Notes on the Songs

A note is worthy of the song Three Jolly Boys which George learnt from an unknown trio in a pub at Northbourne.  This hostelry can only have been The Hare and Hounds in the centre of the village, some six kilometers from Abbey Farm.  It is supposed this wasn't one of George's regular haunts and a darts or cricket match may have been his reason for his being there.  The song entails one singer performing a verse, with one of two stooges appending the 'aye, sir, aye' or 'no, sir, no' after each line, with all three singing the chorus.  This has to be contrived if not rehearsed, and seems reminiscent of a smoking concert or revue turn rather than anything spontaneous in a standard pub sing-song.  A printed version is found in More Tommy's Tunes: An Additional Collection of Soldiers' Songs, Marching Melodies, Rude Rhymes and Popular Parodies...; by Frederick Thomas Nettleingham (London: Erskine Macdonald, Ltd., 1918).  Other collected versions have been located in Cambridgeshire by Russell Wortley; and in Lancashire by Harry Boardman.

The song containing the words: 'Jack jumped over the barn with a bundle of sticks' seems insoluble.  Kevin McGrath suggests this may be based on doggerel around a 'Man in the Moon' rhyme, but one has to question when in his life Christopher Whitcomb heard this line, how accurately it was remembered, and whether or not it was just the once.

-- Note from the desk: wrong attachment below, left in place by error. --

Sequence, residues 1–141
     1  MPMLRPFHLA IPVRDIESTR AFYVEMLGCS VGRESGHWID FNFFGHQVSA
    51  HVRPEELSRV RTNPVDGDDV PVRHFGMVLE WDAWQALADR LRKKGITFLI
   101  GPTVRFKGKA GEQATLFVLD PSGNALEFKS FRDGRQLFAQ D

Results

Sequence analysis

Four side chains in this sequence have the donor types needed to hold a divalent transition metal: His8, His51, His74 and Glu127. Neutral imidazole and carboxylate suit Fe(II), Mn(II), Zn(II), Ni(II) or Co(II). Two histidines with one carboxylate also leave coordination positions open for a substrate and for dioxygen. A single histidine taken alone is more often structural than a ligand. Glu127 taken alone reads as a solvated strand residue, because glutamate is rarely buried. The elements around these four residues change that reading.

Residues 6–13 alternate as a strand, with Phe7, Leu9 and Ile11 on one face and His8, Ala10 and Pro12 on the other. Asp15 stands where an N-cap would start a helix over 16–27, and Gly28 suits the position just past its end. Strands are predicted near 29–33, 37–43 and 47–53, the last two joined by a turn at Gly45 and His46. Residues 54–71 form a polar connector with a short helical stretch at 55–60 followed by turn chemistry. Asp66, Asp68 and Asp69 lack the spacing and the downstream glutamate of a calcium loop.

David Harvey's recollection of 'a Northumbrian song…' seems to tally with the Roxburghe Ballad The Three Butchers where the woman is the stooge for a highwayman, duping albeit plural travellers en route to market.  I am grateful to a pseudonymous correspondent to the Mudcat Cafι forum for alerting me to this.

The second unfamiliar song that David Harvey wrote of is cited below in full, having been transcribed from a pencil-written note in the hand of Ike Harvey:

Irish Lass

It was in the town of Moligarde whisky rum and joy
Kissing all the pretty girls and bothering all the boys
I fell in love with a dark eyed girl from the town of Pat Makay
She soon got drinking something hot which didn't smell much like tay.


Her hair was as black as a raven's wing her throat was like a swan
She was one of the finest Irish girls that ever the sun shone on